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  1. #1
    Senior Member JohnDoe2's Avatar
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    Aug 2008
    PARADISE (San Diego)

    California's population to grow 39% by 2060

    California's population to grow 39% by 2060, report says

    January 31, 2013 | 10:24am

    California's population will reach nearly 52.7 million by 2060, according to a new state report.

    The projection, released by Gov. Jerry Brown's Department of Finance, said the state will cross the 50 million threshold by 2049.

    The report showed 39% growth in the state's population. By comparison, if there was a state made only from the difference between the California's current population and its projected population in 2060, it would be the fifth-largest state in the nation.

    California's demographics are also in for a major shift, according to the report: For the first time since California became a state, Latinos will be a plurality in early 2014. By 2060, they will be nearly half of the state's population.

    Although the state's Asian population is also growing, it will only be a little more than 13% of the state's population, the report said.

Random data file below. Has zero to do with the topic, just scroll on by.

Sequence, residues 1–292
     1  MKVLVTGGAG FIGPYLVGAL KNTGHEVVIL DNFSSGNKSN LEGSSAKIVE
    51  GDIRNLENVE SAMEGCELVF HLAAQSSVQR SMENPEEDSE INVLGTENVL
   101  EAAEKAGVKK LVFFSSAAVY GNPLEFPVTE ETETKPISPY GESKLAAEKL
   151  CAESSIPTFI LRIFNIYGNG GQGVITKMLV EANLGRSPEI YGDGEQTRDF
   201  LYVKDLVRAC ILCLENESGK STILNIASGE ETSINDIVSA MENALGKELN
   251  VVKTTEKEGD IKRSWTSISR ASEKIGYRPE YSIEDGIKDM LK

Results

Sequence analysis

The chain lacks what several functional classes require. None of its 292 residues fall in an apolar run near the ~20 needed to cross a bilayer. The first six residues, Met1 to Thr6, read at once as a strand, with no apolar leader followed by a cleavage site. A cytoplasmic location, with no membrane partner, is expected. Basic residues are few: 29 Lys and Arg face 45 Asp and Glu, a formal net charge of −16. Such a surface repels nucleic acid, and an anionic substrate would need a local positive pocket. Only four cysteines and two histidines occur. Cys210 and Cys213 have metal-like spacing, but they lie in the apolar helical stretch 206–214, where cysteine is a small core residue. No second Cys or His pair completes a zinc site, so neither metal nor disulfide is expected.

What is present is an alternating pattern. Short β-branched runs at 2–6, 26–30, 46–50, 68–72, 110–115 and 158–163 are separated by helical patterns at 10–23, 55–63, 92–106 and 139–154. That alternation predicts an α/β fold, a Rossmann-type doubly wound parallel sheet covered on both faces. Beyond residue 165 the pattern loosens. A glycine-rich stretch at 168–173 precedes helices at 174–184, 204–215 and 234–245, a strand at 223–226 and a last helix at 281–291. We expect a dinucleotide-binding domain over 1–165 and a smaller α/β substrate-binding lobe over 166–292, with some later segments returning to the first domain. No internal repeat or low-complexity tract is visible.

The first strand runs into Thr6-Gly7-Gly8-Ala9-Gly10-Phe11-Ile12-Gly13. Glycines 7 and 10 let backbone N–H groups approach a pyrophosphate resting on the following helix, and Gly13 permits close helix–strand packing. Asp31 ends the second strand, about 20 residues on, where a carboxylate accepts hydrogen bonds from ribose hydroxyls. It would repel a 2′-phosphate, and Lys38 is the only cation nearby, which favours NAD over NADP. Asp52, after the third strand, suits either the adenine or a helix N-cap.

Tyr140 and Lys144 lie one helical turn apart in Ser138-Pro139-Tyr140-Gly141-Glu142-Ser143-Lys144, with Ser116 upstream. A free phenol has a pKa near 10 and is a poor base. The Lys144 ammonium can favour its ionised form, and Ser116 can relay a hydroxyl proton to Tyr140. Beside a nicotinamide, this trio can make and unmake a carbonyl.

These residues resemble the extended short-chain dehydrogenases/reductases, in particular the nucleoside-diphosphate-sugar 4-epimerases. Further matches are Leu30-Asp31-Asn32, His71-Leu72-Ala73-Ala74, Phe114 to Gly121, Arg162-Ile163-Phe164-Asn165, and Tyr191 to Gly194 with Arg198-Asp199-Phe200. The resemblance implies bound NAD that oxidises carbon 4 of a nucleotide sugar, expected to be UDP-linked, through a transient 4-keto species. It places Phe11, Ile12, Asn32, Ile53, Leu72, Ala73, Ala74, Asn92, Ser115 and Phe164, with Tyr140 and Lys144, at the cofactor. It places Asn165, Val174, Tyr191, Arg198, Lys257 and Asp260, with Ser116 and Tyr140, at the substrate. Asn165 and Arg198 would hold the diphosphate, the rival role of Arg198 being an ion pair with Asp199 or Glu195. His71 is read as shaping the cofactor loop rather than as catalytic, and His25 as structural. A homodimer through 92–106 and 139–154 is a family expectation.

2. #2
    Senior Member JohnDoe2's Avatar
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    PARADISE (San Diego)
    Riverside County population will double by 2060

    Jan 31, 2013

    A crowd walks on the closed-to-traffic Palm Canyon Drive and shop at the Palm Springs Tour vendor fair. / Desert Sun File

    Written by Victoria Pelham
    The Desert Sun

    Riverside County is projected to grow the most of any California county by 2060 to become the second-most populated in the state, according to a demographic report Thursday from the California Department of Finance.

    The county’s population will almost double to reach 4,216,816 — a number second only to Los Angeles County.

    The entire Inland Empire region, consisting of Riverside and San Bernardino counties, will grow by 3.4 million, part of a wider trend of population growth from 8.3 million to 31 million in Southern California.

    The Riverside County boom will be fueled by a younger population in the region and in-migration, said Bill Schooling, chief of the department’s Demographic Research Unit.

    Schooling also noted that, based on historic and current migration patterns, Riverside County will have higher-than-average migration into the region. Housing costs and proximity within commuting distance to economic bases could play into this.

    Latinos, who already outnumber whites in the county, will take over the majority of California’s population by mid-2013, the report also showed. They’ll be the majority in 2014.

    By 2060, they are expected to be about 48 percent of the state’s population in contrast with whites at 29.7 percent. That’s a flip of the state’s 2010 numbers of 40 percent white and 37.7 Latino.

    In Riverside County, the spread will jump in 2060 to 55.1 percent Latino and 31.3 percent white.